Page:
TRENTON – The Senate today gave unanimous approval to legislation sponsored by Senators Shirley Turner, Joseph Doria and John Girgenti that would define any assault on a nonpublic school teacher or administrator as an aggravated assault.
“No teacher should ever have to worry about being assaulted by a student,” said Senator Turner, D-Mercer and Chair of the Senate Education Committee. “But the penalty for harming a teacher should not be dependent on whether that individual teaches in a public or private school. Charging tuition shouldn’t result in less stringent punishments for students acting in such a deplorable way.”
Under the current law, a student who assaults any school board member, school administrator, teacher, school bus driver or other employee of a school board, while engaged in the performance of his duties is charged with aggravated assault. A recent Supreme Court decision held that the enhanced protection did not apply to private school teachers because the statute does not specifically include private school employees and the legislative history suggests that the Legislature sought to address only those actions that occur in public schools.
“As a long-time educator, I know that the differences between public and private school teachers is minimal, from the skills they use to the challenges they face,” explained Senator Doria, D-Hudson, who was the sponsor of the original legislation. “All teachers should enjoy the same protections when it comes to keeping themselves free from physical harm while performing their duties. That was our intent when the law was first passed and now we’re making that clear.”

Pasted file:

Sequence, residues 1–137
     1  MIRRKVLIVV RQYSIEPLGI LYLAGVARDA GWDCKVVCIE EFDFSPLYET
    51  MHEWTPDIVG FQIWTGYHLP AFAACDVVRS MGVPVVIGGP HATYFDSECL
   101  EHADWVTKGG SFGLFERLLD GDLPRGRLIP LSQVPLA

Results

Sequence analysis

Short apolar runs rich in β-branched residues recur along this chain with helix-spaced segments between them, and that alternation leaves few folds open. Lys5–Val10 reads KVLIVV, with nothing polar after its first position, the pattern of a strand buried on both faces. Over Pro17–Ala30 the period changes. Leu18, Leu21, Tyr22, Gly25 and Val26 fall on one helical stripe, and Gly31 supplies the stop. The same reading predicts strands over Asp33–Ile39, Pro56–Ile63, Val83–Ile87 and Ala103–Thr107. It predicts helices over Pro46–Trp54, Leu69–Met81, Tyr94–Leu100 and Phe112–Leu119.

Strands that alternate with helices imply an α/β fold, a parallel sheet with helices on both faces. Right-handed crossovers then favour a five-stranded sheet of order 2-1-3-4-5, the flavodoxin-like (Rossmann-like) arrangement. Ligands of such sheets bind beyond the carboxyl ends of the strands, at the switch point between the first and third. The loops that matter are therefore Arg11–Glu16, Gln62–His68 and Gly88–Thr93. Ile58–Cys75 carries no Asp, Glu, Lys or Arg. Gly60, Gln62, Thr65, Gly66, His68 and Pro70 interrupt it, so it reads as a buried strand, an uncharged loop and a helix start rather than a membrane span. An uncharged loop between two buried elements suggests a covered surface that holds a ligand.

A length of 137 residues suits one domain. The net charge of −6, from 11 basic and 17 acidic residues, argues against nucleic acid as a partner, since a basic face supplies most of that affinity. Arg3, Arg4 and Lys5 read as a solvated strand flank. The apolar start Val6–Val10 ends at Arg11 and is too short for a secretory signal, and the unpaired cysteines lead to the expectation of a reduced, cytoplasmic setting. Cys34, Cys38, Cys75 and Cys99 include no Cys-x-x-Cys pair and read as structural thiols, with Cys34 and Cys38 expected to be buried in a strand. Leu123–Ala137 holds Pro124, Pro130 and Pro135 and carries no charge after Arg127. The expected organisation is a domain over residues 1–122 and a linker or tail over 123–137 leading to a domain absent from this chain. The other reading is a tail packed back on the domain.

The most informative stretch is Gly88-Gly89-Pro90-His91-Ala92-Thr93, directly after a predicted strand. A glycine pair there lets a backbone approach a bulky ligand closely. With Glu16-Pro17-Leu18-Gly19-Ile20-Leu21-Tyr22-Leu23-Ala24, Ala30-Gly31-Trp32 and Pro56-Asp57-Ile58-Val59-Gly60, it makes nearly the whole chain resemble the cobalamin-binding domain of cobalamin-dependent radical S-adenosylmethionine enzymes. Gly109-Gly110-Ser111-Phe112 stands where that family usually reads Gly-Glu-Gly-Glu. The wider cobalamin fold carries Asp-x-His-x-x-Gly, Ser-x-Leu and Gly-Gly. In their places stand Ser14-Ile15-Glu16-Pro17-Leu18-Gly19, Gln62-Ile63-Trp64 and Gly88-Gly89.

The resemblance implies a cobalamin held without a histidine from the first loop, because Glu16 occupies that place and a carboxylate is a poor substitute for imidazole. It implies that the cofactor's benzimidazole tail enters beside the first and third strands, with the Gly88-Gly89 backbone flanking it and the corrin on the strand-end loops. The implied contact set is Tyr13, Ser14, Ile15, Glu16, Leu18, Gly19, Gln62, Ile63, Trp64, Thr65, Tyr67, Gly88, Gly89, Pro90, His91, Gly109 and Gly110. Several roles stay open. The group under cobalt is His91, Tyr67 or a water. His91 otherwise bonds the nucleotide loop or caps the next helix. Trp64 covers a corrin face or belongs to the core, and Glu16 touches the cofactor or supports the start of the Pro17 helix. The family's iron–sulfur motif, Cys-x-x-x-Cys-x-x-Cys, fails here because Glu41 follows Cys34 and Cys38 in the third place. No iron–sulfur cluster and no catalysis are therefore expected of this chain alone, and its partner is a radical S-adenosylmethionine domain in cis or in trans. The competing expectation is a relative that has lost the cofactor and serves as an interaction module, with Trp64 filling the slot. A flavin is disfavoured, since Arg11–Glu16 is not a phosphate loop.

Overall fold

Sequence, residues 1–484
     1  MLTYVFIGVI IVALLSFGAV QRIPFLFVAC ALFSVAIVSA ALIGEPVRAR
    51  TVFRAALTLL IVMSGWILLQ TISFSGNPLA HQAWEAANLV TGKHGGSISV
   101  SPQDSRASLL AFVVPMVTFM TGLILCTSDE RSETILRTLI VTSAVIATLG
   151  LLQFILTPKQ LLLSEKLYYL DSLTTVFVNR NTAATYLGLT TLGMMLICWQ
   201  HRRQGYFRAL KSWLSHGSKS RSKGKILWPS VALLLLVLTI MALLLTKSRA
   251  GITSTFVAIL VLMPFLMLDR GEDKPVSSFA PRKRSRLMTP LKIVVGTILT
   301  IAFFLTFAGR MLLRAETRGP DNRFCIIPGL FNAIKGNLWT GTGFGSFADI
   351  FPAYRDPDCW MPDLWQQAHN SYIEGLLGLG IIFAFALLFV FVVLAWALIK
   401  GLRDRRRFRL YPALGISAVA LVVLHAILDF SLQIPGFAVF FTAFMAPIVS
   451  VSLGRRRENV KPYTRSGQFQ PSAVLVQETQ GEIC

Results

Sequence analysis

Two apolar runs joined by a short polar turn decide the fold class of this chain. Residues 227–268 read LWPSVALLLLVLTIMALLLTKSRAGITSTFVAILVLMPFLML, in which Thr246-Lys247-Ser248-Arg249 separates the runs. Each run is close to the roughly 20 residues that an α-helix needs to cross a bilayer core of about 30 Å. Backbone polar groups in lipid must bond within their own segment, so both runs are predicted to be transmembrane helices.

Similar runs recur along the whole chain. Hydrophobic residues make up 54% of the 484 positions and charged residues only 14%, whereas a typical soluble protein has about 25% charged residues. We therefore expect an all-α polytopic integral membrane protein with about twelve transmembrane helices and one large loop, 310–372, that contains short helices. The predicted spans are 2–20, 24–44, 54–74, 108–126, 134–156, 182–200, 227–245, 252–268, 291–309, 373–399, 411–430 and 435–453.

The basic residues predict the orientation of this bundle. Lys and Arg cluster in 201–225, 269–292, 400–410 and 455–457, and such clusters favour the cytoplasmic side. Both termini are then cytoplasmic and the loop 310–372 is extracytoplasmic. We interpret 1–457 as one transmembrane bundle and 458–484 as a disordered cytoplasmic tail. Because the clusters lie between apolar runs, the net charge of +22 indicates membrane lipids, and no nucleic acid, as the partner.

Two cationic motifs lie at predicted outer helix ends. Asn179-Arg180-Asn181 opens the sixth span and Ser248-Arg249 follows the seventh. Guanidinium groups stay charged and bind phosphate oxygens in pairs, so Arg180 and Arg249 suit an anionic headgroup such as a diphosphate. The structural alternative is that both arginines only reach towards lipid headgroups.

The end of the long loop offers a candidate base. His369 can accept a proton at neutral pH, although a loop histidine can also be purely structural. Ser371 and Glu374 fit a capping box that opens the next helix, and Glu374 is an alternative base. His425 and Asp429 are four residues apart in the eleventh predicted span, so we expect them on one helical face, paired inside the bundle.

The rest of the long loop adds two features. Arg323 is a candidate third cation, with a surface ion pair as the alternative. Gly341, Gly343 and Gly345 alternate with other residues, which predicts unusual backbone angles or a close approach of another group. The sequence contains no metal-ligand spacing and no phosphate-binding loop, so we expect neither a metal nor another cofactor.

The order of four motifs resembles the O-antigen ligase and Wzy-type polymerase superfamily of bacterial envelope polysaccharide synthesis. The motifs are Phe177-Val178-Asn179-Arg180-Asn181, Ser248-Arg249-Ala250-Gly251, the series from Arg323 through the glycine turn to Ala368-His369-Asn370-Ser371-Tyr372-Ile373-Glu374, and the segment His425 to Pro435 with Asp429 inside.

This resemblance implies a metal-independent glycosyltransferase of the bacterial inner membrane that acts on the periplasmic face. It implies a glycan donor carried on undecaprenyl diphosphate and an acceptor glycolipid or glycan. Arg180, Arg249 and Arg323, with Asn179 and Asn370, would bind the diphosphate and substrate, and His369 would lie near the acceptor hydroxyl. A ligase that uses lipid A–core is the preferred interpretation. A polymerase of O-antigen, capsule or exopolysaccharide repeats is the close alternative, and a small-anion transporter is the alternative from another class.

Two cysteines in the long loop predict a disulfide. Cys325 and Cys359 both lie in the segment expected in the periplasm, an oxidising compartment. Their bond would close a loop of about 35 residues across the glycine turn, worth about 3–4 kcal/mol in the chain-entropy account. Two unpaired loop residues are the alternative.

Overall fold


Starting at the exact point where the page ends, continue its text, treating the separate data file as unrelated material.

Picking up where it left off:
“The Supreme Court decision brought to our attention a loophole in the law that didn’t make much sense,” explained Senator Girgenti, D-Bergen and Passaic. “We saw no reason why there should be anything but parity between public and nonpublic schools when it comes to issues of safety. This bill is taking the steps necessary to make sure all educators are equally protected.”
The bill, S-1633/1740, would respond to the court decision by adding specific language to include administrators and teachers of private schools within the upgrade provisions of the assault statute.
Aggravated assault is a crime of the third degree if the victim suffers bodily injury; otherwise it is a crime of the fourth degree. A crime of the fourth degree is punishable by a term of imprisonment not to exceed 18 months, a fine not to exceed $10,000 or both. A crime of the third degree is punishable by a term of imprisonment between three to five years, a fine not to exceed $15,000.00 or both. Simple assault is a disorderly persons offense punishable by up to 6 months in jail.
The bill now goes to Governor’s desk for his signature.